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USA, 1962 (MIFF 1963)

Director: Denis Sanders

War Hunt is about a war-lover, a man for whom war is not hell, but home. It is set in the bleak, blasted terrain of Korea, a few months prior to the cease-fire. As one of the soldiers remarks, "Its a funny kind of war", and it is presented as such, with propaganda loud speakers booming words and music across no-man's land, with desultory sniping by day and savage barrages and attacks by night. The story is told through the eyes of Loomis, who has been sent to the front line as a replacement. From the opening sequences we participate in his confusion and puzzlement, and the reactions of all the squad in this situation. One veteran stands out from the rest; a self-appointed commando, this man risks his life nightly by stealing behind the enemy lines to bring back vital information. But the real reason for his patrols is that he is a killer and his killings are ritual. . .the ceasefire comes into operation but he ignores it.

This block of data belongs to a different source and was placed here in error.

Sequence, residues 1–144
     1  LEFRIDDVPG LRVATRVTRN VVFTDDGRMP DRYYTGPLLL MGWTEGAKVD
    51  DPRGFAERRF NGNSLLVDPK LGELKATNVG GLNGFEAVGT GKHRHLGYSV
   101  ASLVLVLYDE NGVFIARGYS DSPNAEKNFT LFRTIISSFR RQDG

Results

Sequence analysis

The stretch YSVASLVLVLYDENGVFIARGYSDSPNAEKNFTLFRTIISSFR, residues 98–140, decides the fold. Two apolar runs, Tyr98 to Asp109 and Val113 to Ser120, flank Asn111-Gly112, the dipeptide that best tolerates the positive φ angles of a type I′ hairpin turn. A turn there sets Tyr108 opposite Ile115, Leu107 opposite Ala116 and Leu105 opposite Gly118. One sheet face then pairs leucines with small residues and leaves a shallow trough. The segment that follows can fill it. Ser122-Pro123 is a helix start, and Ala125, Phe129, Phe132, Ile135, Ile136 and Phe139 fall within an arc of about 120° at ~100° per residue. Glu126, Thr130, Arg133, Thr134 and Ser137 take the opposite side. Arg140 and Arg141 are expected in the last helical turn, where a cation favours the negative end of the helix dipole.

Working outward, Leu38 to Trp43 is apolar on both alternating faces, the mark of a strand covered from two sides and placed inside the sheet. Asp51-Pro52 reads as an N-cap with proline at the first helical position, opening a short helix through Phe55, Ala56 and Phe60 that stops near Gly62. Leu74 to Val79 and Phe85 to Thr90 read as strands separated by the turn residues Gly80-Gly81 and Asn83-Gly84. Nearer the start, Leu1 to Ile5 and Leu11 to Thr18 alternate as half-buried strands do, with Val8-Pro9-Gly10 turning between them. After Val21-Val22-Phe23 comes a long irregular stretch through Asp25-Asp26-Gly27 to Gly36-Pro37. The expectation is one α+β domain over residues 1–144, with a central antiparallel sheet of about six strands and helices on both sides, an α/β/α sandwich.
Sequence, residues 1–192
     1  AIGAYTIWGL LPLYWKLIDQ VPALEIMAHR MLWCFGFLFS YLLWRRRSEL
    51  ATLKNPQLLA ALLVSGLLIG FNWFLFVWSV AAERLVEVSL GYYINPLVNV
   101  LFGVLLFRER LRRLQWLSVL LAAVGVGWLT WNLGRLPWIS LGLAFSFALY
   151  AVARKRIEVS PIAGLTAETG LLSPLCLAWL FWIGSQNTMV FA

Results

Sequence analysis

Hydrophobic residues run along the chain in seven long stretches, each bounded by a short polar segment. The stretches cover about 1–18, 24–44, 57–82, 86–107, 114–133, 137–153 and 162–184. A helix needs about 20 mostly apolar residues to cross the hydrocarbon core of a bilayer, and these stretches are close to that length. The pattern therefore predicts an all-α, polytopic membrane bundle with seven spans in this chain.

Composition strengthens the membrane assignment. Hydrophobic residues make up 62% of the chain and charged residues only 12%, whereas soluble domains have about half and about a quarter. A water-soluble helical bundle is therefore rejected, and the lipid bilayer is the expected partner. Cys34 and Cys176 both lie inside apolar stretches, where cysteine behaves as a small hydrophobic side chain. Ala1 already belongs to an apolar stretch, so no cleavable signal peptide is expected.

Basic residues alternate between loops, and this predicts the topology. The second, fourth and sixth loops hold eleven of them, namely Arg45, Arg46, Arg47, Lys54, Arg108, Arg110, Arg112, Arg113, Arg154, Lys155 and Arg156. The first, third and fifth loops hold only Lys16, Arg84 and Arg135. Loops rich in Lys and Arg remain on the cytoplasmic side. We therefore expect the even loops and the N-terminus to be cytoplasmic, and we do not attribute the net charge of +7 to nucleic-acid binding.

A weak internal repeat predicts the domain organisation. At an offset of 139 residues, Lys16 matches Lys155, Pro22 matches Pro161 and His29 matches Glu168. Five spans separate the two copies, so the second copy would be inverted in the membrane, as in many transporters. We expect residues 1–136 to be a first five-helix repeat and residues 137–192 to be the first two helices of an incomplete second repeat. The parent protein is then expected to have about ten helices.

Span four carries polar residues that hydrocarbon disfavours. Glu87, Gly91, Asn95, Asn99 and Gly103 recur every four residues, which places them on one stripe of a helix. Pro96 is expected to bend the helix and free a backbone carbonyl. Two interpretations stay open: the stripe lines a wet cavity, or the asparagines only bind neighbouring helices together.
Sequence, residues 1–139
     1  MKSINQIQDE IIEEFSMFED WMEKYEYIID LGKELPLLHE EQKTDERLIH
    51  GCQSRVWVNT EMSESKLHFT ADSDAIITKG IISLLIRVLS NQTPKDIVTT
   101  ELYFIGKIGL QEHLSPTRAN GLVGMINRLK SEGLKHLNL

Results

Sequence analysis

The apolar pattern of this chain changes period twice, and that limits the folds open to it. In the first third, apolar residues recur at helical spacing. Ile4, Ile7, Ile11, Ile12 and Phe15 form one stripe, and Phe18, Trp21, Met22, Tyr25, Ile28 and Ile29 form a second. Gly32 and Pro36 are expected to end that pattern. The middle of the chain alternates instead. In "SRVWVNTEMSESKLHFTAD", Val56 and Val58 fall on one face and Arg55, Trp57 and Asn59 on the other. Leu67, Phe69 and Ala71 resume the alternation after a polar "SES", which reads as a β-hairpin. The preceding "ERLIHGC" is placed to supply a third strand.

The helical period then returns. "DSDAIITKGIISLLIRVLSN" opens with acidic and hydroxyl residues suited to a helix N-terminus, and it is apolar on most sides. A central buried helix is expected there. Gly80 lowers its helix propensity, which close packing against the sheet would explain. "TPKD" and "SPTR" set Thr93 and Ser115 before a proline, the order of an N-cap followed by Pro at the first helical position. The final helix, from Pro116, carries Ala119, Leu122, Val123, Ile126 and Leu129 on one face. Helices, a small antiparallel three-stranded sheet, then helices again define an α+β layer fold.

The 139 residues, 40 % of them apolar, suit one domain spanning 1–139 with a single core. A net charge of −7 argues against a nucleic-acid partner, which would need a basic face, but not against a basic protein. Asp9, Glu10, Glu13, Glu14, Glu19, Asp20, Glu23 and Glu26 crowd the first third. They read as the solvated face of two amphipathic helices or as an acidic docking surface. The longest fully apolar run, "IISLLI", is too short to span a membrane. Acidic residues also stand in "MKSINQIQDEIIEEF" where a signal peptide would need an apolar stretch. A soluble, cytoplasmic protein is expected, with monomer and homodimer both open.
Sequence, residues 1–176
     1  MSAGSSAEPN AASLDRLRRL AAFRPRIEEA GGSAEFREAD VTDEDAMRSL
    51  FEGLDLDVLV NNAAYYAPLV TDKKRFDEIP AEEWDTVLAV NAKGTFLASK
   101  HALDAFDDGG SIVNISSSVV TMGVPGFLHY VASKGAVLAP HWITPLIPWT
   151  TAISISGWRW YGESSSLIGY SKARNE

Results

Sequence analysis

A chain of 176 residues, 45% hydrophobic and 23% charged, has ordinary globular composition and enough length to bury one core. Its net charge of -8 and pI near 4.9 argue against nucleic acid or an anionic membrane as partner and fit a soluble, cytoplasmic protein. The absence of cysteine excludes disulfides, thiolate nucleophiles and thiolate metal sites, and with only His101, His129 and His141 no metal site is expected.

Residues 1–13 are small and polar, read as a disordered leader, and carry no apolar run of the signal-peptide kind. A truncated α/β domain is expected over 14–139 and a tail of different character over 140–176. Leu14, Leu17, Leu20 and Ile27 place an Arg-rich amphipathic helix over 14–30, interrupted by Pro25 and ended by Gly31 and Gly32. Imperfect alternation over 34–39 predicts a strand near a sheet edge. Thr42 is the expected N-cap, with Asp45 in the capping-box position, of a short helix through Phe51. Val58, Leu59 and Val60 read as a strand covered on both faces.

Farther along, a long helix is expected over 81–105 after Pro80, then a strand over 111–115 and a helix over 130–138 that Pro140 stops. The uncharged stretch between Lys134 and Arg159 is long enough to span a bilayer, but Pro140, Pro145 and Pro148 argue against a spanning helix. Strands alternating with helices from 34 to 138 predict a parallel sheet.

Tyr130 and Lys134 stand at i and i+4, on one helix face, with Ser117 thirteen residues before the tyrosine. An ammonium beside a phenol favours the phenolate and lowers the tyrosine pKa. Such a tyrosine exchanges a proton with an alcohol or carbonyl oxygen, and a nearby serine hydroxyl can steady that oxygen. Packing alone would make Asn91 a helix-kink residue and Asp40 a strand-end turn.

This is a powerful and disturbing film; astringent and understated. The psychopath, Endore, wedded to war - war, that is, in its basic connotation as the inflictor of death - wishes to prolong forever his murderous honeymoon. For him peace is the ultimate destroyer, whom he cannot face. John Saxon's playing of this part is splendid, with a curious withdrawn quality which makes it all the more terrifying.

The grim authenticity of the combat scenes, the music which is used with telling economy, give a haunting quality to the film. In showing the breakdown of human communication, it retains deep human sympathy. In the final sequence the Captain and his unit try, helplessly and idiotically, to tempt Endore back wilh a DSC. "Come back", says the Captain, "the war is over". Endore replies: "Which war?" There is no place for him in peace. Award: Silver Sail, Locarno Festival.

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